The evolution of the procurement function and the CPO to meet new global demand

Today’s top Chief Procurement Officers (CPOs) do so much more than simply procure. It’s not simply about buying goods and services, it also about helping to nurture your suppliers.

If you look at how the Chartered Institute of Purchasing and Supply describe procurement they say, “Procurement and supply management involves buying the goods and services that enable an organization to operate.” But this description falls far short of what best practice for procurement officers is all about.

The CPO’s duty of care to the supply chain13

The very act of buying goods and services presupposes that the suppliers of these goods and services already exist. But if the CPO simply sets out to buy these goods and services at the lowest price, the very act of doing so would driver suppliers out of business because, with no other constraints, the lowest price in this context is zero. The constant driving down of costs if left unrestrained will eventually force suppliers to shut down.

The very essence of business is to make a profit, and as much profit as possible. Profit, if reinvested back into the commercial business world correctly, generates more liquidity and more commerce. Tightening down on profit means also tightening down on future commercial growth and that is simply bad for the global economy.

A good CPO not only has a duty to his own company to procure goods and services at fair prices, but he/she also has a duty of care towards the well-being of the suppliers in their supply chains too. When this duty of care is carried out properly the result is the procurement of goods and services at fair prices that facilitate the CPO’s company turning over a healthy profit, but that also nurtures the supplier, allowing them to make a healthy profit too and remain in business to carry on supplying into the future. Supply assurance is key.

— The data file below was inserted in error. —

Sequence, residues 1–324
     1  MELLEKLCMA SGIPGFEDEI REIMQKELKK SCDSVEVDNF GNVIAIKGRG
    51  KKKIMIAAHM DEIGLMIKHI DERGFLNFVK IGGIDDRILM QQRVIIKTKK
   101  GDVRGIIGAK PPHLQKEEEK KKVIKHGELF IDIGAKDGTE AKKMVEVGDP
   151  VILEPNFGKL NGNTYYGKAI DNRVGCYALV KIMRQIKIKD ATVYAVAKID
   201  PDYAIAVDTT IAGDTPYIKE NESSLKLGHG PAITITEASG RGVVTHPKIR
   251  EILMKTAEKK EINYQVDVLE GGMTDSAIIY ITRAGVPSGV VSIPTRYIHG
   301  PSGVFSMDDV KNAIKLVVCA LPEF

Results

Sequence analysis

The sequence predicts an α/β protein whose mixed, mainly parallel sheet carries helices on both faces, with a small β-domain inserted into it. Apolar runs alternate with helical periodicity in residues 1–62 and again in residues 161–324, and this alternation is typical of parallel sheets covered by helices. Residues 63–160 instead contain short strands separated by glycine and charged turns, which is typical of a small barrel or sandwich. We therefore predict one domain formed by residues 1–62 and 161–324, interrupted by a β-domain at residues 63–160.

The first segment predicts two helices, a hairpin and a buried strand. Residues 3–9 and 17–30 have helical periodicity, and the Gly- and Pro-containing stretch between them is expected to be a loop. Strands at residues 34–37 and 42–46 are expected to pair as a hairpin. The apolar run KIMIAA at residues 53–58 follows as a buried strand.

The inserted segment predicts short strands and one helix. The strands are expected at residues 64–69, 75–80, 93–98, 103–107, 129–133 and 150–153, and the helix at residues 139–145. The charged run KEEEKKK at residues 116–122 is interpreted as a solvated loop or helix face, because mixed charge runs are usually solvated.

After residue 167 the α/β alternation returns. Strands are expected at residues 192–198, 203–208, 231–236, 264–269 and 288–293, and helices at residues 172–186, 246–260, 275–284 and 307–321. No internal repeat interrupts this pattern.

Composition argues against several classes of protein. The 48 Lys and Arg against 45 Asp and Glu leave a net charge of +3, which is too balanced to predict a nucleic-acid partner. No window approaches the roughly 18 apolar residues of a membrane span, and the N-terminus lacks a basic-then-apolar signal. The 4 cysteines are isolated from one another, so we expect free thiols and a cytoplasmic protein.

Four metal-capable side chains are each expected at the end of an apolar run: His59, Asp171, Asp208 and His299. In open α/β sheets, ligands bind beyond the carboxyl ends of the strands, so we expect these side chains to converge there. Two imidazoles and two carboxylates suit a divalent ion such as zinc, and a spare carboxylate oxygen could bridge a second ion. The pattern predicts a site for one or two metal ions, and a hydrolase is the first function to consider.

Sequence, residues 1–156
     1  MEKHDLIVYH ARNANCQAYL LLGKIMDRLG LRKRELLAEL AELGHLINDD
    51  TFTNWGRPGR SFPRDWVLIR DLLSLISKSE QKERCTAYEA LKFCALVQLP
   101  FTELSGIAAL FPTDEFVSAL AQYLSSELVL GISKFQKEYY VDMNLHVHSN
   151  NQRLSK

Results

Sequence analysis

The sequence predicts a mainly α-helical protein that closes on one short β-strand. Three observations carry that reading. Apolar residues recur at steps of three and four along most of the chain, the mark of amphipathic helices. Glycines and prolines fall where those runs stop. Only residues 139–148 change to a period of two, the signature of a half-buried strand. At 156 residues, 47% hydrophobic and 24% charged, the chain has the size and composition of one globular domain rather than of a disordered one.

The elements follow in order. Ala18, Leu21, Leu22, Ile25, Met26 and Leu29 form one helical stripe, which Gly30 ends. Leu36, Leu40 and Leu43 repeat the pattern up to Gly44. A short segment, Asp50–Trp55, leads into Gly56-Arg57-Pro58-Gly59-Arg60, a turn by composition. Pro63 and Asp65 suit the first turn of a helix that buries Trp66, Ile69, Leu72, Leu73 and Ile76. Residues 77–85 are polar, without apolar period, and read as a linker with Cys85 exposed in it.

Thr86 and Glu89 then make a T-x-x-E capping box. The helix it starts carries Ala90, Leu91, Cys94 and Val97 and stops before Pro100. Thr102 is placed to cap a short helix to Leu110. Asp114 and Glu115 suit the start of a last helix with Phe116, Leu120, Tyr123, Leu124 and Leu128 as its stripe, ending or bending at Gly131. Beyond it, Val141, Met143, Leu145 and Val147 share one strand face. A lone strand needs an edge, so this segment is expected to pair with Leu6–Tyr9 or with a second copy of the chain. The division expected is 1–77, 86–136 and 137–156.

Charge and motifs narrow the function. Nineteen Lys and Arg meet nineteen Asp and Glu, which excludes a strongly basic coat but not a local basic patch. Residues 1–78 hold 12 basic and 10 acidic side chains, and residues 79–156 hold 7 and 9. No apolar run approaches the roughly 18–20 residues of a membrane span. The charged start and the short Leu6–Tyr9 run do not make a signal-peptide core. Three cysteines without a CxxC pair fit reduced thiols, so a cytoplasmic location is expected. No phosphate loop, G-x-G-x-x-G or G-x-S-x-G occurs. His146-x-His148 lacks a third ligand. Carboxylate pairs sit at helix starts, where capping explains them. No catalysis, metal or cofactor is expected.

The healthiest supply chains are those where all companies, from the CPO’s company downwards to all suppliers of goods and service providers in the supply chain are all in a stable state of financial and commercial well-being.

The diversification of global demand

The global consumer scene of today is more diverse than ever before and it will continue to evolve as the Internet of Everything becomes a reality, bringing a hitherto unprecedented source of goods and services into the reach of the everyday consumer. Consumer demand is on the verge of a new boom period and the procurement profession needs CPOs that can rise to and meet the challenges that this new world will pose.

What we expect from tomorrow’s CPO

There is room both high-end luxury and low end value. Consumers expect local and global availability. They demand customized products and services at fair prices that mirror mass production. The challenge for tomorrow’s top procurement professionals has already begun and in order to meet it CPOs must:

  • Embrace their employers corporate social responsibility (CSR) and sustainability and have an active green agenda
  • Develop a sound digital business strategy
  • Be aware of and counter economic instability
  • Promote globalization
    • from a supply chain perspective
    • from a market perspective
  • Work within a regulatory environment
  • Reputation

The necessary evolution of the procurement discipline in already underway and is set to produce a new breed of CPO to create global supply chains that can meet the next level of global demand.


What measures do you take to assure your supply chain and how are you preparing the challenges ahead?

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